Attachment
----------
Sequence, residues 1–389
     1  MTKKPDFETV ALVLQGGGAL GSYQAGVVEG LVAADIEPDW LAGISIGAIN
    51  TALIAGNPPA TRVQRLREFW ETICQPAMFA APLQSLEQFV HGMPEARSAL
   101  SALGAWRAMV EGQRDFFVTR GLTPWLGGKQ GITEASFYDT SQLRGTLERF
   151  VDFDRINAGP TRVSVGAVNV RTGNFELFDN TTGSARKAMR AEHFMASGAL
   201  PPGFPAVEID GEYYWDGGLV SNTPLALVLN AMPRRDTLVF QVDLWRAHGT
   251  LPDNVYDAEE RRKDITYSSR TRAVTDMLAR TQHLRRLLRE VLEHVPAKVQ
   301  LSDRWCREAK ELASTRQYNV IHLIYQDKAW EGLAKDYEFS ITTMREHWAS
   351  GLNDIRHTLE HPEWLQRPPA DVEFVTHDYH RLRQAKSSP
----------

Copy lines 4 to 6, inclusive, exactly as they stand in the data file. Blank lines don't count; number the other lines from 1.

   101  SALGAWRAMV EGQRDFFVTR GLTPWLGGKQ GITEASFYDT SQLRGTLERF
   151  VDFDRINAGP TRVSVGAVNV RTGNFELFDN TTGSARKAMR AEHFMASGAL
   201  PPGFPAVEID GEYYWDGGLV SNTPLALVLN AMPRRDTLVF QVDLWRAHGT